In a heartbreaking scene that makes me cry every time I watch it, Kid, as a child, weeps aloud to Serge while they watch her home burn. “Why…? Why did this happen!? … I’m going to be left all on my own again, aren’t I? Everybody I have ever loved has gone far, far away…” Serge is then pulled back to the present, leaving little Kid alone. “No! Come back!!! Don’t leave me… Please, no! Don’t leave me all alone!”
Then we see Kid awaken in the present, finally reunited with Serge. She explains that whenever she is in life-threatening danger, she loses consciousness and wakes up somewhere safe and unharmed, with no memory of what happened. “It’s happened to me plenty o’ times in the past, so it’s nothin’ to worry about,” she tells Serge nonchalantly. So Kid has been in life-threatening danger several times, yet she somehow manages to survive.
For being one of the “good guys,” Kid is kind of a failure. She’s tough and smart, but more often than not, she’s behaving badly, almost dead, or fighting for the wrong side. Some partner!
But despite all this — Kid is the one chosen to join Serge to help save the world. Belthasar, who (we later find out) organized the mission, names his objective “Project Kid” after her. It is Kid who is tasked with traveling back in time to save the young Serge from drowning. And it is Kid who is meant to fight alongside Serge and, ultimately, be saved by him.
At the very end of the game, Kid finally gets answers to the questions of who she truly is, why she’s always being assaulted, and why she’s always been alone. She is hurt, separated, inexperienced and incomplete. It’s true that Project Kid is about saving the world, but it’s also about her own liberation and restoration.
Kid is the “daughter-clone” of Schala, a long-ago princess of history’s greatest kingdom who had fallen into the darkness beyond time and a fate worse than death. It is Schala — as she was before she fell — who Kid is truly meant to be. Lynx wants to hurt Kid as Belthasar wants to restore Schala.
How can these parallels NOT jump out at me?
I am reminded of the image in Revelation 12: “a woman clothed with the sun, with the moon under her feet, and on her head a crown of twelve stars.” Depending on your interpretation, this woman could refer to the church or to Mary, the mother of Jesus. Since Mary is part of the church and can be used to represent the church, both interpretations work for our purpose here.
This woman gives birth.
Kid saves Serge from drowning as a child. Mary doesn’t save Jesus’ life, but she does give birth to him and protects him in his childhood, which is a life-preserving activity. Kid isn’t Serge’s mother, but she’s his main partner in the mission. Because of Mary’s close connection with Jesus, and the necessity of her work for his early life as a human, she can be thought of as a partner with him in mission. Indeed, many Christians accord Mary a kind of foremost position among the followers of Jesus throughout history because of her partnership with him in this way. Following Mary’s example, the rest of the church partners with Christ by accepting his commission.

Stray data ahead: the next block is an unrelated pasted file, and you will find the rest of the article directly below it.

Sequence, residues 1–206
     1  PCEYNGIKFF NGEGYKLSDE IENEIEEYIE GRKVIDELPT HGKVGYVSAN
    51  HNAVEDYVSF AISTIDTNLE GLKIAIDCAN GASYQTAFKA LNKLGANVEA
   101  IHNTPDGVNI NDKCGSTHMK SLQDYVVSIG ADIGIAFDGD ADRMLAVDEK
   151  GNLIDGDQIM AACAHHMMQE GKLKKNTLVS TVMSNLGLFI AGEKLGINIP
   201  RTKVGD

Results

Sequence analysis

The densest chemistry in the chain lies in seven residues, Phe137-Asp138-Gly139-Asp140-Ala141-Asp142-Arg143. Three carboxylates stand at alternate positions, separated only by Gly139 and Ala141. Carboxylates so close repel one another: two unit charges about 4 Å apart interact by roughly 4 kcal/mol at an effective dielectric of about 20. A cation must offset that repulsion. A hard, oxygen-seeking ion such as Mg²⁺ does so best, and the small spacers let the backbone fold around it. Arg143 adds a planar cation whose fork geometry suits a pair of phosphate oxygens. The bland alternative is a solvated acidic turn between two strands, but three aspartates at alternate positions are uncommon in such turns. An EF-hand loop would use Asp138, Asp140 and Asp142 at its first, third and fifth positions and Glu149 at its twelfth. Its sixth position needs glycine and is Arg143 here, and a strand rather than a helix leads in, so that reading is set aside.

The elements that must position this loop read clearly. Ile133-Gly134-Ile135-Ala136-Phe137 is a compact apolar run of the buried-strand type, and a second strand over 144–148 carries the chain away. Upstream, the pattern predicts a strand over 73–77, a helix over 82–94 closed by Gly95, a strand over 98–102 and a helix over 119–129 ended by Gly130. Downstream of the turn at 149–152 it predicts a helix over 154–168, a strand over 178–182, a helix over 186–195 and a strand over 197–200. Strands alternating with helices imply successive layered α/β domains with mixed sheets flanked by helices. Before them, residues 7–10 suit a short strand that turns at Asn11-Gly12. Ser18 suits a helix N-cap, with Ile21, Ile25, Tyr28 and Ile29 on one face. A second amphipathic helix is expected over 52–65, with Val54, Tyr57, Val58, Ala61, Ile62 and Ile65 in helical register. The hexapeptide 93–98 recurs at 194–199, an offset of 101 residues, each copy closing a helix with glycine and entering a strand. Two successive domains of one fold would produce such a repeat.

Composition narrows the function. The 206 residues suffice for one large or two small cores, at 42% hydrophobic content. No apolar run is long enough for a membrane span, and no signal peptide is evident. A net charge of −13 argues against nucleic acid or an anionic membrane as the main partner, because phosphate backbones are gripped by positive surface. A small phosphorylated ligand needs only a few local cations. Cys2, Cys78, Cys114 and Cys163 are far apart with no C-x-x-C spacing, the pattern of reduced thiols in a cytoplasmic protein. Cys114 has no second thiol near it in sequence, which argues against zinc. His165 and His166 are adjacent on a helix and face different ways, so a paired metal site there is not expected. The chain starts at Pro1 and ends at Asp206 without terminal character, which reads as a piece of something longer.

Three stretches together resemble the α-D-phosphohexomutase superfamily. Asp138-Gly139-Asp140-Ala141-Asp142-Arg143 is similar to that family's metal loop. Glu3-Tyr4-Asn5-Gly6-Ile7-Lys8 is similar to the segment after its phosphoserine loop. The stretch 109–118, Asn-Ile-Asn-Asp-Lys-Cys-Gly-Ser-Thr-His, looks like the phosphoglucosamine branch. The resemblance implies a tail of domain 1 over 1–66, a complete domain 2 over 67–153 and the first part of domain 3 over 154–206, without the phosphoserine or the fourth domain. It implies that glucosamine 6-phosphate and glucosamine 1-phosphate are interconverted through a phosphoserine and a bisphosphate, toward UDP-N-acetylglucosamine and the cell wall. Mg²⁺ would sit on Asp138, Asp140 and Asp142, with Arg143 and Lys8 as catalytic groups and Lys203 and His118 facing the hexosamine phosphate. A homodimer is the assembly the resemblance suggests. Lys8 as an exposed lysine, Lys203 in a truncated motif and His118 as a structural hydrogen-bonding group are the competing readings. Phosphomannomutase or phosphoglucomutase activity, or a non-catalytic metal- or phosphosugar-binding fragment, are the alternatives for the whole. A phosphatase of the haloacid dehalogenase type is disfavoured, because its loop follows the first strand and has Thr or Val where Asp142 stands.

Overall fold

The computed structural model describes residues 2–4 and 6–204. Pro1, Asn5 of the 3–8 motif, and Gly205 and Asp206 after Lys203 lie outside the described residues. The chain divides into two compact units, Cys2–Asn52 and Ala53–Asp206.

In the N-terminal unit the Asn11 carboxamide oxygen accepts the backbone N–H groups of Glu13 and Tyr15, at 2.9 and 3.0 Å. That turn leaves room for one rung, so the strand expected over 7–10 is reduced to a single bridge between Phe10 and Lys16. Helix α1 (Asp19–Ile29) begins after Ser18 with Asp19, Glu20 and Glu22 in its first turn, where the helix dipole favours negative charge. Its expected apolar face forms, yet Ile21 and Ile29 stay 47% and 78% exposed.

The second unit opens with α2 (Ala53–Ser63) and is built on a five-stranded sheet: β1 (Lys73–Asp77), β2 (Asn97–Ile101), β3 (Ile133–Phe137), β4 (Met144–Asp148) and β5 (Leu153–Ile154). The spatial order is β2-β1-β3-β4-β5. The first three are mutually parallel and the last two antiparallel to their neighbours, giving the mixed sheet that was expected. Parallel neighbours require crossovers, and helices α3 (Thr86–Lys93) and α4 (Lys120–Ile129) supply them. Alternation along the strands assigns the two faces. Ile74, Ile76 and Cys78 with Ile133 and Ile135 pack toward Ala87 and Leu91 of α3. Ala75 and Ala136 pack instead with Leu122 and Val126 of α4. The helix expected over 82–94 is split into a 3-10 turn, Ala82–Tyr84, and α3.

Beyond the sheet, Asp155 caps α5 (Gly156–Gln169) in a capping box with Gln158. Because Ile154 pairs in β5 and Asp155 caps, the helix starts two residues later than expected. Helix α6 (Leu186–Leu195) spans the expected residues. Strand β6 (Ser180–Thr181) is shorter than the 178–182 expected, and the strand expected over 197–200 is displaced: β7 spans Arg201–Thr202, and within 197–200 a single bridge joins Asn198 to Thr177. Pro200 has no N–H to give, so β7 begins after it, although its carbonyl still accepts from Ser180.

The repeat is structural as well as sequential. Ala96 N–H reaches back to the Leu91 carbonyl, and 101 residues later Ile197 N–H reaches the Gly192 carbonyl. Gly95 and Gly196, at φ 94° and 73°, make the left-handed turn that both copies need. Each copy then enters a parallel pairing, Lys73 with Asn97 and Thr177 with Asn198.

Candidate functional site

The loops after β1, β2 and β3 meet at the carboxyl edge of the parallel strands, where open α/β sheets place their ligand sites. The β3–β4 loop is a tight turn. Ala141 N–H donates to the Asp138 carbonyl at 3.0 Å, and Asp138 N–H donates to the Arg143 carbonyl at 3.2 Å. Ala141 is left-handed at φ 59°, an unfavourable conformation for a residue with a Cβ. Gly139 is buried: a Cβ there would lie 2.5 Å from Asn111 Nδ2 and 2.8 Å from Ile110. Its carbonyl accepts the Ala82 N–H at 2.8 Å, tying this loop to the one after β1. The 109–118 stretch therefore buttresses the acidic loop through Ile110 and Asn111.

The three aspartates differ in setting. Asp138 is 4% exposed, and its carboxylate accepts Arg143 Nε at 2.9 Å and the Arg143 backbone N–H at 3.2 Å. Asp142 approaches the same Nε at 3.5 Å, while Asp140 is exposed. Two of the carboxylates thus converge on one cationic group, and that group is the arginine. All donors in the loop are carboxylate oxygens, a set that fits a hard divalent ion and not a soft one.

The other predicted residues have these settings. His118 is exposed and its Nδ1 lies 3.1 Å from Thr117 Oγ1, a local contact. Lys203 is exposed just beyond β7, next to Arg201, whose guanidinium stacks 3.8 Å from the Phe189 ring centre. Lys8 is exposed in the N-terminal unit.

This woman’s child is opposed by a dragon, but because her child is protected, the dragon goes after her.
Lynx seems to have it out for Kid, but it’s really Serge he wants to confront. He goes after Kid because she’s Serge’s partner. Sometimes Lynx just wants her out of the way because she’s helping Serge; other times Lynx purposely hurts Kid because he wants to hurt Serge. Similarly, the church is an entity that is continually “by schisms rent asunder, by heresies distressed” — not to mention repeatedly straight-up assaulted. Following this pattern, many Christians believe Mary suffered in a particular way because of her partnership with Jesus.
This woman is repeatedly attacked, but she survives. The dragon continues to make war on her children.
Some power comes to Kid’s aid every time she’s near death, preserving her life. And despite some terrible odds (from a human point of view), the church has survived to this day. Many Christians think of Mary as the mother of the church, who continues to suffer assaults around the world.
By now, you can see where I’m going with this.
The church has many shining moments, but more often we’re pretty much a hot mess.
I don’t have to spend much time on Facebook until I see reports of some horrific persecution of Christians in some place like North Korea, India or Nigeria. Much closer to home, it seems like the majority of my Christian friends are running after some heresy or another (that is, if they’re not downright flouting the instruction given to us by God), or they’re just behaving badly and slinging some ugliness. We keep repeating our horrid history of infidelity, tearing each other apart, and being a stain on Jesus’ name. It all just makes me wanna walk away from my computer (or smartphone) and scream.